Audition season is here. How do you choose the right audition music to play?
Choosing the perfect audition music - for college auditions or for upcoming competitions - can be daunting. How do you select repertoire that showcases your strengths and knowledge of different styles? How can your music selection help you stand out from the crowd?
At Carolyn Nussbaum Music Company, many of our employees are seasoned competitors and have attended top music schools and conservatories. These are the audition pieces we would recommend.
Mozart’s Concerto for Flute in G Major
This is probably the most commonly asked audition piece for professional and college auditions of all levels. Written in 1778, Mozart’s first concerto for flute showcases one’s knowledge of classical style alongside technical aspects of flute playing such as sparklingly clear double tonguing, precise rhythm, and execution of scales, thirds, large leaps, and trills (the list could continue on and on….). Mozart’s Concerto in G is a work that develops with a flutist through the many stages of their career, so if you are learning it for the first time, or working on the piece for the twentieth year, a curious approach to learning this work is what helps keep it fresh! The first movement is most commonly asked for auditions, followed closely by the second movement. This work is such a standard work in the audition repertoire that if you’re not already required to play it, the Mozart Concerto in G would make a perfect audition choice.
Bach Partita in A Minor or any of the Bach Sonatas
The Bach Partita is one of the most well known works to professional flutists and teachers. This work is commonly asked for on professional auditions (particularly the Sarabande or Corrente movement) and college auditions. While the exact date of creation isn’t certain, musicologists believe it may have been written around 1723. The work, written in 4 stylistic dance movements, covers a large tessitura of the flute, especially considering the time period in which it was written. From the lowest notes on the flute, to the ending high A of the first movement, this work requires a player to achieve fluidity between lip flexibility, tonguing, and finger execution. Furthermore, the work has a lifetime of musical interpretation to explore to understand the harmonies and phrases Bach wrote. It is monumental particularly because it is written for solo flute - not flute and piano - something that was unheard of in the 1720s! The Bach sonatas are equally wonderful with their endless exploration possibilities. They are slightly less dense in material and difficulty, but still make for excellent competition and audition works.
Paul Taffanel, the father of the French Flute School, began a music commissioning project during his tenure as professor of flute at the Paris Conservatory that created a new body of flute music written by french composers. These works were commissioned as annual jury works for the students of the Paris Conservatory and were specifically designed to test a student’s control of tone, technical execution, phrasing, and vibrato. Called the “Morceaux de Concours” (translating to The Competition Pieces), many of these works include a lyrical opening section, followed by a virtuosic section, which makes them perfect for competitions and auditions. While not typically asked on professional orchestral auditions, they are standard for many college entrance auditions and wonderful pieces for competitions. The book, French Flute Music edited by Louis Moyse, includes many important favorites from the Morceaux de Concours including Faure’s Fantasie, Chaminade’s Concertino, and Taffanel’s Andante Pastoral and Scherzzetino. The works in this book are shorter in length and are perfect for competitions and college auditions because they showcase lyrical and technical aspects of playing. For the most competitive of auditions, longer, more difficult works such as Jolivet Chant de Linos, Dutilleux Sonatine, or Sancan Sonatine, while extremely demanding technically, can help set you apart in an audition, if played convincingly.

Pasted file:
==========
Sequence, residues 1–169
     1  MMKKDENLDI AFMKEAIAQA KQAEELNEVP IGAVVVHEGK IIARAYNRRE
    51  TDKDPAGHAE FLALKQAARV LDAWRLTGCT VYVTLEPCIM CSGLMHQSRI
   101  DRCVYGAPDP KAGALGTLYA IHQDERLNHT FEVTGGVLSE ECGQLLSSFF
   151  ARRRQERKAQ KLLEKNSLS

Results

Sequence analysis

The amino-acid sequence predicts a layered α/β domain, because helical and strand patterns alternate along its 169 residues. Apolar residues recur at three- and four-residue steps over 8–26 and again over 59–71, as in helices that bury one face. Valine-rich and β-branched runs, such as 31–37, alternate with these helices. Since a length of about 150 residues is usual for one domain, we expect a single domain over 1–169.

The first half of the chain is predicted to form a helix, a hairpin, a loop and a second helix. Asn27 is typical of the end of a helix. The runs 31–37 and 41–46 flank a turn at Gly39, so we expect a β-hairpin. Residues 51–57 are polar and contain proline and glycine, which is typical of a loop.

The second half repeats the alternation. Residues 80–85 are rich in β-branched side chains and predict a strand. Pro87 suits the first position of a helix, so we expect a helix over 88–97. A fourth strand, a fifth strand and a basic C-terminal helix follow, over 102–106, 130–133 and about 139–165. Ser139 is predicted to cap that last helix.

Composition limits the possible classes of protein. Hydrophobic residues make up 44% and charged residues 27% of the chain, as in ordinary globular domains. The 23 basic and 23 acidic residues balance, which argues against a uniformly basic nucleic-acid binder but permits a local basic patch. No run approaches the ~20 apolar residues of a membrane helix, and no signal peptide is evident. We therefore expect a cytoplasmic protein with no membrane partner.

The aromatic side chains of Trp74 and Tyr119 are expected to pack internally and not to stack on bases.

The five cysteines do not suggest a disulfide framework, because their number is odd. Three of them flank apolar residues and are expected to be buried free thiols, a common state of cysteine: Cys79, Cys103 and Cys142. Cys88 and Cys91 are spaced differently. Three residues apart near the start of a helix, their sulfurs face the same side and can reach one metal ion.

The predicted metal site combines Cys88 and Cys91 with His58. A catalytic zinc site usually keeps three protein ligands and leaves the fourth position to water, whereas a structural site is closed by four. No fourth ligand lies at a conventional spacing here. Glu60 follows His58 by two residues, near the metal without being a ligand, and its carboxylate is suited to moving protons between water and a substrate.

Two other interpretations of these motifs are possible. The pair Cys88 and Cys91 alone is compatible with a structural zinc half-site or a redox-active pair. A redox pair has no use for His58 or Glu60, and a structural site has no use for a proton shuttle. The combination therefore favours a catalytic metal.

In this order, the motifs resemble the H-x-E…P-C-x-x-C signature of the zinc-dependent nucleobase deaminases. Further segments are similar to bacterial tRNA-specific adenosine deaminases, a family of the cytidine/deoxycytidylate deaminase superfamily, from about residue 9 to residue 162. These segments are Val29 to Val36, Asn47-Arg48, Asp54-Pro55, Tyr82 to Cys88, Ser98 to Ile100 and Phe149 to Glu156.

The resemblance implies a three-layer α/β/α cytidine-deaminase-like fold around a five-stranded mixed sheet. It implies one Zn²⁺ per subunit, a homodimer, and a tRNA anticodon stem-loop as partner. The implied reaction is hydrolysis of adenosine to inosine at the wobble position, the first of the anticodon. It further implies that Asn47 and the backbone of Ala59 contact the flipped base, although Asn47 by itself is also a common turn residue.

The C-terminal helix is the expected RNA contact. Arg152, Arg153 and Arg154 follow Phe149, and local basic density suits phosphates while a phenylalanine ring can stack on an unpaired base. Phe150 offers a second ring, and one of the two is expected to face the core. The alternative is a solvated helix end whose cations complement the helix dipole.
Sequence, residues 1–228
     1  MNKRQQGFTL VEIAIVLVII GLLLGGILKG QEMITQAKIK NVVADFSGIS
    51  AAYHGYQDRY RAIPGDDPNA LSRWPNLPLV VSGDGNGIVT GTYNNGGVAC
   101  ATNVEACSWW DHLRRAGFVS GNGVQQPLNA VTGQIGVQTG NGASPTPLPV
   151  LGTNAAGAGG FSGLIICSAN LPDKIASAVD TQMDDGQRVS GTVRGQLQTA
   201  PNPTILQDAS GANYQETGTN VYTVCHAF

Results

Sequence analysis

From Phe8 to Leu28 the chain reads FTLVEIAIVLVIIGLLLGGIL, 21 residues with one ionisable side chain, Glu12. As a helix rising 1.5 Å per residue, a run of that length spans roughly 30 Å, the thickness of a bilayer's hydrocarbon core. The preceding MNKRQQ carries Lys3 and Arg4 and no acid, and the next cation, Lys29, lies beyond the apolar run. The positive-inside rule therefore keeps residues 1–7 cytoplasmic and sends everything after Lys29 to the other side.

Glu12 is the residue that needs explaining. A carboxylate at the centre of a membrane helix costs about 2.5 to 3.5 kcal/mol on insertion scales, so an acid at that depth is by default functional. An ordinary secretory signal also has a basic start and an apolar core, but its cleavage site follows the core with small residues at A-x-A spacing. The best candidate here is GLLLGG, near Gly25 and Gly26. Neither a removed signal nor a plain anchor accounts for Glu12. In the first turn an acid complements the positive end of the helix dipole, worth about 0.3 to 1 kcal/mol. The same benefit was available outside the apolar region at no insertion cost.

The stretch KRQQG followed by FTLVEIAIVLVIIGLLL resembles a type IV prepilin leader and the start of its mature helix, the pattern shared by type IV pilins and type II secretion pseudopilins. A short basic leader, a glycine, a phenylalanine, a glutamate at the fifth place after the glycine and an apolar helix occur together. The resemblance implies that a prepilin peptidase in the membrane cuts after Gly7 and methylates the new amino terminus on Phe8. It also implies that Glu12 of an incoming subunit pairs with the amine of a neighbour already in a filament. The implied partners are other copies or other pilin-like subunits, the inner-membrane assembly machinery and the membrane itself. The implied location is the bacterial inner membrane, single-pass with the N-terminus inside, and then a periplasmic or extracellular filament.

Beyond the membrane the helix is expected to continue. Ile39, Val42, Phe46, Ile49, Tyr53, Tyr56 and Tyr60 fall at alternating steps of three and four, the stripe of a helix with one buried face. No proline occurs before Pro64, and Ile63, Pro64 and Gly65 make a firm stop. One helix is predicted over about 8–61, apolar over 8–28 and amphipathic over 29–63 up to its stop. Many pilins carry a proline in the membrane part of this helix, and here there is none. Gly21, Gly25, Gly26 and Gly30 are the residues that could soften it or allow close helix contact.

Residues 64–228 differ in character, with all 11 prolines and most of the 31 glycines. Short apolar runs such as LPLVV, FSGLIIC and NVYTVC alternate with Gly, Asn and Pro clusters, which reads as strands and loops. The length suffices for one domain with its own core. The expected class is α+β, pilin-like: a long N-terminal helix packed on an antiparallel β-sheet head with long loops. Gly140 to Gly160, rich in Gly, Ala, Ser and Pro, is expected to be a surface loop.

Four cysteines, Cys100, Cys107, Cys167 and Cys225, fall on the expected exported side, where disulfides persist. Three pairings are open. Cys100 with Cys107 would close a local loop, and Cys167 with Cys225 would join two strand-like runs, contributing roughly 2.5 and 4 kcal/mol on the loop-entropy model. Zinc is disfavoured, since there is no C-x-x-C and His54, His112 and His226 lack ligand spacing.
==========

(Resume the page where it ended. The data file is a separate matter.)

To balance out a competition or audition program of classical, baroque, and french romantic music, showcasing one’s knowledge and appreciation of today’s music can be a defining asset in an audition. Many of these works have extended techniques, use innovative flute sounds, such as jet-whistle, beat-boxing, or harmonics, or incorporate electronics (among an endless list of new musical innovations). This is also an opportunity to showcase voices of composer’s less heard from in history such as works written by women, BIPOC composers, and composers not from the euro-classical canon. Playing works such as these convey a player’s understanding of the larger cultural context they are entering into as an artist today. New works are commissioned yearly from organizations such as the National Flute Association and the Texas Flute Society, among many others. This commitment to building the flute repertoire and commissioning “today’s” composers to contribute continues the important legacy that Paul Taffanel started over 100 years ago. Newly written works range from moderately difficult, to extremely technically demanding. Shulamit Ran’s East Wind is a highly demanding work perfect for competitive auditions and competitions - it has complex rhythms and range extending well into the 4th octave - but it is an incredibly exciting work to perform and listen to. Valerie Coleman’s Danza de la Mariposa has a wonderful mix of extended techniques and beautiful melodies that are perfect for a competition work.
Wanting music more off the beaten path? Stay tuned for our upcoming blog with unique music recommendations to help you stand out at your next audition.
Now that you have your audition music picked out - check out these flute